Cloud Database Systems: NoSQL, NewSQL, and Hybrid

Cloud Database Systems: NoSQL, NewSQL, and Hybrid

Swati V. Chande (International School of Informatics and Management, India)
Copyright: © 2015 |Pages: 15
DOI: 10.4018/978-1-4666-6539-2.ch041

Abstract

The influence of the two fast evolving paradigms, Big Data and Cloud Computing, is driving a revolution in different fields of computing. The field of databases is not an exception and has been influenced profoundly by these two forces. Cloud computing is adding to the drive towards making the database available as a service on the cloud. It is shifting the traditional ways in which data is stored, accessed, and manipulated with the appearance of the NoSQL concept and domain specific databases, consequential in moving computing closer to data. This chapter provides a general idea of the changes brought about by the upcoming paradigms in database storage, management, and access, and also provides a brief account of the recent research in the field.
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Introduction

With cloud computing taking center stage more and more businesses are making an allowance for making the switch from the physical to the virtual. Increased access to information and empowerment of users is the key to the qualitative benefits provided by the Cloud. With the availability of data in the cloud, as the Oracle white paper by Greenwald (2012) affirms, users would be able to produce more value from their data based on increased flexible access to that data, letting the data to be collectively processed with their domain expertise to produce real and important business benefits.

According to the McKinsey Global Institute's 2011 report on Big Data authored by Manyika, Chui, Brown, Bughin, Dobbs, Roxburgh and Byers (2011), almost all sectors in the United States of America have, on average, hundreds of terabytes of data accumulated per company. Several of these companies have even by now exceeded the 1 petabyte mark. And as the tools and technologies of data storage and management evolve, the volume is only going to amplify in multiples.

Mayer-Schönberger, Cukier (2013) in their recent publication, ‘A Revolution that will change the way we Live, Work and Think- Big data’, have very lucidly described the ongoing transformations in the digital data sector. Digital data they say, doubles a little more than every three years. In the context of Big Data they have introduced a new term, Datafication, that refers to taking information about all things and transforming into a data format to make it quantified so as to use the information in new ways, as in predictive analysis, so as to unlock the implicit latent value of information. These future directions about the use of data point towards a situation where the availability of data may always be an asset and so may its relevance.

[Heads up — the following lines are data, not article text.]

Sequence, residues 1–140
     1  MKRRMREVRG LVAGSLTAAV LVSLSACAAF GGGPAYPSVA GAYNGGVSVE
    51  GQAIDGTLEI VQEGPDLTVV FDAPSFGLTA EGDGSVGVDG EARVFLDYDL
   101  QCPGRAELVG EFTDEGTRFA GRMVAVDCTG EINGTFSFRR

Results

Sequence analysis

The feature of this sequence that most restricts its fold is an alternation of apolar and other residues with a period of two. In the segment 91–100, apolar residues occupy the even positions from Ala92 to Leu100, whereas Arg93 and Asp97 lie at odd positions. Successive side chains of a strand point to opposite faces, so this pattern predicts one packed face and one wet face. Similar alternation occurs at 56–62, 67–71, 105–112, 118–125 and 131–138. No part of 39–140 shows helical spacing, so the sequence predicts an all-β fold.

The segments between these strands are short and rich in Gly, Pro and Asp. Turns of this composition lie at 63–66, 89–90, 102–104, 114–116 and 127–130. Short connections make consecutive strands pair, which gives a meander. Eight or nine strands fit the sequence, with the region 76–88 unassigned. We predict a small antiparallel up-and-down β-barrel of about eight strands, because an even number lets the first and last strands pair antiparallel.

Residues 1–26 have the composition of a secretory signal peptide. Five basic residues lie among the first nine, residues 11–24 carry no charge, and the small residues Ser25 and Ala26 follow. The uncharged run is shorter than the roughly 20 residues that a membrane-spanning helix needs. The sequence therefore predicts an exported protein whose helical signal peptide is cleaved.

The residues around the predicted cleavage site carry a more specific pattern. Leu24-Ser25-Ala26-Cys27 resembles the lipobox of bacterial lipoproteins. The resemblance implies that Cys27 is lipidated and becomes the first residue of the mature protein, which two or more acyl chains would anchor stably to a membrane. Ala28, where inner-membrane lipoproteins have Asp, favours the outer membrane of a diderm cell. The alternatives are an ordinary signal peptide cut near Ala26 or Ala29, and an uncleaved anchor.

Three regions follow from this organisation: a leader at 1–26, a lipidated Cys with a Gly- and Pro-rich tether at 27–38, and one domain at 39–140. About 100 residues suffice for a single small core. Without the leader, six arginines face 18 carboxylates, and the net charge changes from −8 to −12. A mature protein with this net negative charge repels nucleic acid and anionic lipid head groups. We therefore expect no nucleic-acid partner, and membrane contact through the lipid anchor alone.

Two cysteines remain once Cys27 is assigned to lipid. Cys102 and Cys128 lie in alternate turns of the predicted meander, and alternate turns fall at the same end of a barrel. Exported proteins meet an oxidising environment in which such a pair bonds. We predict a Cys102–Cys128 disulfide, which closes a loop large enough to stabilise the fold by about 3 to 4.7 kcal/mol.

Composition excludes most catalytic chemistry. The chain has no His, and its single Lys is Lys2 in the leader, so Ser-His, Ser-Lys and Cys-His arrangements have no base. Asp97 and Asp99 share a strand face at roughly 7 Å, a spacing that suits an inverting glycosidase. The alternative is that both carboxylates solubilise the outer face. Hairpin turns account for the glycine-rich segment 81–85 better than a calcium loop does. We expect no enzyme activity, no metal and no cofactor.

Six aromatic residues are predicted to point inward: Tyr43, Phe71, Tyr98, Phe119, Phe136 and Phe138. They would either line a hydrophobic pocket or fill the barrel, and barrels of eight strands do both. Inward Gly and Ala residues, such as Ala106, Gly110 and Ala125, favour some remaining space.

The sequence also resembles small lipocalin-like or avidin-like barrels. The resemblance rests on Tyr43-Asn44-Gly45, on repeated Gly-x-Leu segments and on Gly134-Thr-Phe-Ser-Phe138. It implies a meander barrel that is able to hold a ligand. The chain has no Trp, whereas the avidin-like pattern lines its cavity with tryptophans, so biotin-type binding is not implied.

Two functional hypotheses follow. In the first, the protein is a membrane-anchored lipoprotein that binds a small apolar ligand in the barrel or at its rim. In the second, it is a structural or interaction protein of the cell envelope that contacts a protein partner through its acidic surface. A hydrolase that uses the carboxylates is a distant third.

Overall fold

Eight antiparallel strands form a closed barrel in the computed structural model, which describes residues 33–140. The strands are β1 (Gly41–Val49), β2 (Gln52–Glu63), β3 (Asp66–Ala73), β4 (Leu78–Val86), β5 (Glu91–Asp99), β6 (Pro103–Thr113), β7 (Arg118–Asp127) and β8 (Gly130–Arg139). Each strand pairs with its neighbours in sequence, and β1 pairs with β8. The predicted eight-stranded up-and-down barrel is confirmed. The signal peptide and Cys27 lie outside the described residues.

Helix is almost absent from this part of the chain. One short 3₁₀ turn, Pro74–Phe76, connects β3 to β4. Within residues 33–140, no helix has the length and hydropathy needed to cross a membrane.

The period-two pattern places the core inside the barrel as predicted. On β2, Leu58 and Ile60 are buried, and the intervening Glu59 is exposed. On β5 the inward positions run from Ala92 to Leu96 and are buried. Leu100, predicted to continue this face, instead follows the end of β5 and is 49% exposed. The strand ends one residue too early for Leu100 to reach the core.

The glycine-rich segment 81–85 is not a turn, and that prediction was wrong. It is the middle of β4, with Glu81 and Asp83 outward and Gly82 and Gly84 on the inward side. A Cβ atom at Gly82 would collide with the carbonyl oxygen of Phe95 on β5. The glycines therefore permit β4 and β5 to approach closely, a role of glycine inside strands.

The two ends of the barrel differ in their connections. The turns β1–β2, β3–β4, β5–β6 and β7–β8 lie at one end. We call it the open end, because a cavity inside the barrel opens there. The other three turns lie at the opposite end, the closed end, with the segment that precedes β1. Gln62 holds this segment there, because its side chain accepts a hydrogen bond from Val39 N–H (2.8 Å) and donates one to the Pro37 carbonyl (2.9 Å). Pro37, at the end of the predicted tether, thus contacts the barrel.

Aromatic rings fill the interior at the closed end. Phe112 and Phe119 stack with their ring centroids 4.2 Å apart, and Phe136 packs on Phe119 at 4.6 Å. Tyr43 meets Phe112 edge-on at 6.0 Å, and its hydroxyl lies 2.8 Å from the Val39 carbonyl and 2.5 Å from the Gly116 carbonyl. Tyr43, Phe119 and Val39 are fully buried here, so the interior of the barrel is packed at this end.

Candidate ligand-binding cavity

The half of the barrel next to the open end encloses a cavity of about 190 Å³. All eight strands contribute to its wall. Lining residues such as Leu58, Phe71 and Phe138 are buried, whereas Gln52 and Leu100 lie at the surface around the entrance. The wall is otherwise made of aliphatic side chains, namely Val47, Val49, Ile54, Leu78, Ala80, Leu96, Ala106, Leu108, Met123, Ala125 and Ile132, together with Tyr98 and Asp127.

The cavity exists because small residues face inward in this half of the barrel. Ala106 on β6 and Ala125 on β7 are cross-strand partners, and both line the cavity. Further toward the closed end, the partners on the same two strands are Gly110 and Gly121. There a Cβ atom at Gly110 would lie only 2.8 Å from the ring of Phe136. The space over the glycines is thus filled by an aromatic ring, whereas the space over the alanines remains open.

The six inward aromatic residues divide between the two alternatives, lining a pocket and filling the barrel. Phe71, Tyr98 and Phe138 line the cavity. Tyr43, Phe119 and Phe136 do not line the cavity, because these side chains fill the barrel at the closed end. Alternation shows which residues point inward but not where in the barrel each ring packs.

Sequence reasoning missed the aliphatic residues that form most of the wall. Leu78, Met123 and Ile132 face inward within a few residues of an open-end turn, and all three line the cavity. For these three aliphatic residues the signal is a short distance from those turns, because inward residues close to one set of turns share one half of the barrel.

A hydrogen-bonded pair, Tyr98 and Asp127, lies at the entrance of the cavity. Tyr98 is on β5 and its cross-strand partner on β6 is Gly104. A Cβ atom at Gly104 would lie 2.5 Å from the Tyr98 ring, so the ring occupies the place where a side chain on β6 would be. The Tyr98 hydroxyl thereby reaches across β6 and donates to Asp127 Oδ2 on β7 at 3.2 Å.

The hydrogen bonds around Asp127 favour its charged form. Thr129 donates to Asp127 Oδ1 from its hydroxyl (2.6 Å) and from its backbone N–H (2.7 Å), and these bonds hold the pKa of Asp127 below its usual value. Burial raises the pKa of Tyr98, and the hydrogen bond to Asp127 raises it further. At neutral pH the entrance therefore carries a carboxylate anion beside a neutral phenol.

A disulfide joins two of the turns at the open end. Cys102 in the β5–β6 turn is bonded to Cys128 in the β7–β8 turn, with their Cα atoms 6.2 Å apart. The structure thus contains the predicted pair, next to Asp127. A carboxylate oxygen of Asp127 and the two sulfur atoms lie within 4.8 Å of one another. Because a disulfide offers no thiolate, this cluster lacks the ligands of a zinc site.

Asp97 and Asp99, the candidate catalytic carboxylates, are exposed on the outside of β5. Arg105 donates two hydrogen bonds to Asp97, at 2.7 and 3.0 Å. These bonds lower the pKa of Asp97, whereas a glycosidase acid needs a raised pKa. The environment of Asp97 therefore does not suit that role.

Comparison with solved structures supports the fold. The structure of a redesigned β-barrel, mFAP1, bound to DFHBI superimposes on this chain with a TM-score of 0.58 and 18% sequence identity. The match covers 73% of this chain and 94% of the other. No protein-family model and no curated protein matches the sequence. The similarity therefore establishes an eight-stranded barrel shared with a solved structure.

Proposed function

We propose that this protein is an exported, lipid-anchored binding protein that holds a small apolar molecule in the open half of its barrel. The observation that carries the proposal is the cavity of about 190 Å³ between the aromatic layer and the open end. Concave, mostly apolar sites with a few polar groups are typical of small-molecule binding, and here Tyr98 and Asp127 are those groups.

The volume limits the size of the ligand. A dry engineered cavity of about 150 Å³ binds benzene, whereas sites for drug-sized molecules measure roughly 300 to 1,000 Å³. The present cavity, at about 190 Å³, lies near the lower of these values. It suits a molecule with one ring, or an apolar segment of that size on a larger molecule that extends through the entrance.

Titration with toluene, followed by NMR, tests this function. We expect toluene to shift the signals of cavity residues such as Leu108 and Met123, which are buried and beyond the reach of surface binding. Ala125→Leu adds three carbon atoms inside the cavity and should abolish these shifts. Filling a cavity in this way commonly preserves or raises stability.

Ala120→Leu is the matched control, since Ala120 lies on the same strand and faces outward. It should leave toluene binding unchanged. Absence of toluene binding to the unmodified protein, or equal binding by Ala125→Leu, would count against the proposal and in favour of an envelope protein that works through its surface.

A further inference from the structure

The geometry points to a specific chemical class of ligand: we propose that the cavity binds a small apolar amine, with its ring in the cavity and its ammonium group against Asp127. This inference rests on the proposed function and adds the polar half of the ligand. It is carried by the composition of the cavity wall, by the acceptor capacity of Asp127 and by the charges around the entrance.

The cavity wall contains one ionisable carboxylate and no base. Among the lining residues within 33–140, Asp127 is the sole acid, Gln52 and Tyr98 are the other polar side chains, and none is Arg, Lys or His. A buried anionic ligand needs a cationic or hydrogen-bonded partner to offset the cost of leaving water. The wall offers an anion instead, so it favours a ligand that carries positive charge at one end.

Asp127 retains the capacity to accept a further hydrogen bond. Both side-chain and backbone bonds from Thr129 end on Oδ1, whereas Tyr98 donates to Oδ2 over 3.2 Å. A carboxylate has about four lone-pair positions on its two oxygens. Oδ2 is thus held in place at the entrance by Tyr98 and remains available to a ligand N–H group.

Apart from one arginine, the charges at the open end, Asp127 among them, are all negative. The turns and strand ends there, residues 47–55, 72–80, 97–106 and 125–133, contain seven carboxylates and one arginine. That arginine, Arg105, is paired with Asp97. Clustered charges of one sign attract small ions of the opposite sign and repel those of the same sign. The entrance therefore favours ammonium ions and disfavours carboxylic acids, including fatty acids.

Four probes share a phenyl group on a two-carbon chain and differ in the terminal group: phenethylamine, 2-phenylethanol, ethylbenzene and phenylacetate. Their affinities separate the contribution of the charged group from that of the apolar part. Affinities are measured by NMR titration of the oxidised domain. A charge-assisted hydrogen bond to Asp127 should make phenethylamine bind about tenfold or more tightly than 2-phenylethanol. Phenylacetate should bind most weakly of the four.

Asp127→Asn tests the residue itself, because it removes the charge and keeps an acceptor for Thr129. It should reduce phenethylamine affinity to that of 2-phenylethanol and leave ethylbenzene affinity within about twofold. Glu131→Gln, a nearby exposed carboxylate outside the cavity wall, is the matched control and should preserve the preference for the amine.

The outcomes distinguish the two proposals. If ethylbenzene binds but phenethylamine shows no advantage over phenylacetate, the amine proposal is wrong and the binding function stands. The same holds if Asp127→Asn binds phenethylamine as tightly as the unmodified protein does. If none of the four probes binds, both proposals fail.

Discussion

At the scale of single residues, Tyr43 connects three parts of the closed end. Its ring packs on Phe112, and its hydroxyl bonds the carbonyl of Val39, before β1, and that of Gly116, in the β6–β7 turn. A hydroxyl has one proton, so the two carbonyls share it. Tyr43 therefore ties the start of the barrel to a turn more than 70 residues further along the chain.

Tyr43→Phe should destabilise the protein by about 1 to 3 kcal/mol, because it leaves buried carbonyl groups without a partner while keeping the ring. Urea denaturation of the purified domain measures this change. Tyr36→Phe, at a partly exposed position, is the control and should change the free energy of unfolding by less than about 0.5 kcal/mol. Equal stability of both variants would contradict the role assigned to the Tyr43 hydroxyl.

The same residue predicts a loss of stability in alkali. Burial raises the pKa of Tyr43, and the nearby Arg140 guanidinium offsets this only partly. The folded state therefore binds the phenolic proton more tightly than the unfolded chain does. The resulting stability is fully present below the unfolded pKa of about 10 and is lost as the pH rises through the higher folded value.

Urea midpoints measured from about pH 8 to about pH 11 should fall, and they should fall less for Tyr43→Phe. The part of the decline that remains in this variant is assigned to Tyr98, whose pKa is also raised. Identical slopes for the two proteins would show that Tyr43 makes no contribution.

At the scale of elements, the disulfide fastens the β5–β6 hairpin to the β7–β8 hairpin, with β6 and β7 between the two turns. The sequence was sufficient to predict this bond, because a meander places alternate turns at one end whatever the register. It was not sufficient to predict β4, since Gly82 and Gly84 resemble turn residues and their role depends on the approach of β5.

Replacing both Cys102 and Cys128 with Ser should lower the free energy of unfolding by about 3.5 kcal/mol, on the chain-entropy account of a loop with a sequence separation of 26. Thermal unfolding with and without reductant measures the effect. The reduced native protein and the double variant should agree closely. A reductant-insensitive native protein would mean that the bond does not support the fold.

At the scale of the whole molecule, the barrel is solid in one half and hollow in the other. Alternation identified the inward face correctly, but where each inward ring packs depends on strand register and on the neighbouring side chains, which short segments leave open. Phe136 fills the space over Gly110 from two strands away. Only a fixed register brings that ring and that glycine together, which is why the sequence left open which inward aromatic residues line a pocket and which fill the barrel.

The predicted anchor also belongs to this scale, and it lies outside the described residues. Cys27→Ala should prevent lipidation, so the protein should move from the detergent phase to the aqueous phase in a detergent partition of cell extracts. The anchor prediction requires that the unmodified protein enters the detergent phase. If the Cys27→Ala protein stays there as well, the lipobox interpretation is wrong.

As the data flows in from all directions, decision making will further be influenced by the quantitative and diversity dimensions of data. Data therefore will have to be available anytime-anywhere and every-time everywhere.

With everything hosted in the cloud nowadays, hosting of databases on the cloud is but a natural option. With the business switching to cloud and the increase in demand, volume, and need for analysis of data, effective management of data in the cloud environment is imperative. Therefore there has been lots of interest in research in the database management sphere since the inception of cloud computing, to study its integration with the environment. The need for scalable database i.e. database capable of expanding to accommodate growth, has increased with the growing data in the web world. Web applications that need to store and retrieve data for very large numbers of users have been a major driver of cloud-based databases. The needs of these applications are different from those of traditional database applications, since they value availability and scalability over consistency. With increasing volume and complexity of data, evolving technologies, and changing needs of the consumers, study of cloud based databases or cloud databases, is catching increasing attention. This chapter provides a description of the fundamentals of cloud databases and is organized in nine sections.

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Cloud Database

There is no clear definition for the term ‘Cloud database’, though it seems so easy to understand if one knows about the ‘cloud’ environment and a ‘database’. Publications on cloud computing and databases also indicate that the definition of what a cloud database actually is, is somewhat unclear. More than what it is, what it is not is clearer. A cloud database is not merely taking a traditional RDBMS and running an instance of it on a cloud platform.

Some researchers have made an attempt to define cloud databases in their own contexts. Some of these descriptions are,

  • 1.

    A database accessible to clients from the cloud and delivered on demand to the users via the Internet from a cloud database provider's server is a cloud database.

  • 2.

    A database that has been optimized or built for a virtualized computing environment is called a cloud database.

  • 3.

    A cloud database is a type of database service that is built, set up and delivered through a cloud platform. It is mainly a cloud Platform as a Service (PaaS) delivery model that allows the consumers - organizations, end-users and their applications to store, administer and access data from the cloud.

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